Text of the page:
Mahan boys and comrades
(Written in 1910)
The three Mahan boys and their comrades, following the good fight at New Orleans, split up into small crowds, “and,” writes Kevin Cunningham Mahan for this record, “rather than tackle the job of running boats on the Mississippi up stream, they decided to follow the not any too safe Indian trails, or just strike out right up through the woods of Mississippi Territory in the direction the wild geese flew in the spring of the year.”
Major Jonathan Mahan was bell wether
One party of these soldiers was composed of eighteen members under the leadership of Major Jonathan Mahan, who was their “bell wether,” so to speak. “Among them,” states Mr. Mahan, “were James and Edward Mahan, and Linzeys, Fanchers, Massingales, Ragans, and Smiths. They made a compromise of trails and directions, and, after following what was known as the Tuskaloosa trail, took to the woods. When they reached the confluence of three creeks, those known to-day as Mahan, Shoals, and Mayberry creeks, which together make the Little Cahaba River, they found here an Indian camp well stocked with swine, horses, cows, and corn; also, says rumor, there were here a goodly number of comely Indian maidens, and not too great a number of bucks with highly developed fighting proclivities.” Be that as it may, twelve of the soldiers of fortune, like Ulysses of old, here laid down their arms, cast in their lots with the Indians and were not again heard of. The other six, together with a few Indians and traders, continued on their way to the Cumberland Valley for their wives and children. Returning with a small gathering of friends, they founded on the fertile site of the little Indian village the settlement later known as Brierfield, and gave to the broad-flowing creek the name of Mahan’s Creek.
Brierfield, Superintendents house on Mahan Creek (Alabama Department of Archives and History)
The hills ranging far and wide across country were deep then in long-leaf yellow pine, that rich growth of early Cahaba County, which has since given place to heavy marches of blackjack, hickory and chestnut trees, and clambering muscadine.
The banks of Mahan’s Creek droop with live oaks, cedar, and sycamore, yellow jessamine, and wild honeysuckle, yellow and red. Springs, at least forty in number, feed its course all along its way. Little wonder that it was so favored a place of the Indians. And here was the neighborhood of some of the earliest mills and forges of Alabama.
The foundations of the industry in these counties of Bibb and Shelby were thus laid as far back as 1815 by the Mahan boys. They were sons of old Major John Mahan, an officer of a Maryland regiment in action in the Revolution. Always a fighting clan, Irish to the core, they carried a gay spirit, like flag and drum, into the smoky hills and rough pioneer times of early Alabama.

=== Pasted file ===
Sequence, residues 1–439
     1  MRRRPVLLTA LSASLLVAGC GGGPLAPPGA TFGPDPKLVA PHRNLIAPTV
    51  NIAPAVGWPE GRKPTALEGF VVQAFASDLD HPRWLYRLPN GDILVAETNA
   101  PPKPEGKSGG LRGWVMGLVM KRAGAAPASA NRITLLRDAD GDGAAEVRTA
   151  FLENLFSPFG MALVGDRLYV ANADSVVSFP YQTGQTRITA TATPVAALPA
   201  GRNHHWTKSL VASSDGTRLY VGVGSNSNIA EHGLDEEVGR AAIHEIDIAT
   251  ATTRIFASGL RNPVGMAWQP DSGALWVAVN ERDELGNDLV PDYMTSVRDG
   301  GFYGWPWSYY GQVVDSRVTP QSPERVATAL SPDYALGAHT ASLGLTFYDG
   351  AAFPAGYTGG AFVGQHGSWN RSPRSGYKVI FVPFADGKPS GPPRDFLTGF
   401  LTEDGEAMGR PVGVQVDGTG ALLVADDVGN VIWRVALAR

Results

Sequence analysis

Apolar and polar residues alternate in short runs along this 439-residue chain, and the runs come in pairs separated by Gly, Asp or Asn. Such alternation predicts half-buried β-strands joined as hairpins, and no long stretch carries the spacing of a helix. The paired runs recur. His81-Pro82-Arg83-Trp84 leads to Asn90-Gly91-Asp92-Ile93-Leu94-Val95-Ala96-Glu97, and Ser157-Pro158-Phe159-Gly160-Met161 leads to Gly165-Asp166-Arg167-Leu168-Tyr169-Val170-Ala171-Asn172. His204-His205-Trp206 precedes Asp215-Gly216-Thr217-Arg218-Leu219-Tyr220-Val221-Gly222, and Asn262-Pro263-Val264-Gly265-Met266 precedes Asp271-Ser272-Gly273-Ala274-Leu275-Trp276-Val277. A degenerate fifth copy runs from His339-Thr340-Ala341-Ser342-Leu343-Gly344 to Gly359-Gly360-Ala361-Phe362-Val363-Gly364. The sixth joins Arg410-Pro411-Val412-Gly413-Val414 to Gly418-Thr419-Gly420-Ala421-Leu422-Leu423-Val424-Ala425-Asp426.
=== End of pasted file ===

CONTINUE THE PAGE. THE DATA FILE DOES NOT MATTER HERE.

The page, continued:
The old major emigrated to Tennessee at the close of the eighteenth century with his wife (who was close kin to General Winfield Scott) and their four boys. The blacksmith and wagon making business being at that period lucrative and useful in the growing communities, all four of the sons were bred to it.
At the first chance for a fight under Andy Jackson, however, they quit for the time being. When they settled at length in the Alabama country, the old major came down with them. He died a few years later at a good old age. His grave is in the old hill cemetery on what is Joseph R. Smith’s farm today, (1901) the precise site of the old Indian village and the early Mahan settlement. Major Mahan’s name is recorded there on the lichened gravestone, and 1820, the year of his death.
Lived in wigwams and log houses
The group of pioneers with their families lived first in wigwams, then later built log houses. All over this section of Bibb County are these log houses built in old Tennessee style and long abandoned.
The Mahan boys and the others started mills, limekilns, road building, farming, and wagon making. They sold wagons to the Government and contracted to help move out the Indians. In the long western procession of the tribes that so soon followed, the Mahan make of wagons led the van.
Mrs. Mahan relates how Edward Mahan, her father-in-law, used to tell about seeing “whole rooms packed with beads” which the Federal Government Agents gave to the Indians for their lands instead of the money they were authorized by the administration to give in square deal. The Mahans also did considerable railroad construction work and trestle building through south Alabama.
Brierfield Grist Mill on Mahan Creek, photo taken ca. 1890 (Alabama Department of Archives and History)
Jesse Mahan, a son of Edward Mahan, became in after years something of a figure in the political affairs of this section. He was also a Union man. When pressed at length into the service of the Confederate Government, he took his slaves and conducted the salt works near Mobile. Later made iron inspector by the Confederate Government with the rank and pay of major, he had also charge of the timber and wagon department, shipped timber to Selma from his sawmill on Mahan’s Creek, and donated several acres of his property on the Creek for the Confederate rolling mill at Brierfield.
He served as a member of the Constitutional Convention during the reconstruction times, and as State senator from Bibb in 1868. His father and uncles built the first flat and keel boats ever floated on Cahaba River to carry coal. They surveyed the county lines and removed the county seat from Randolph to Centreville.
Excerpt from The story of coal and iron in Alabama by Ethel Armes, Pub. under auspices of the Chamber of Commerce, 1910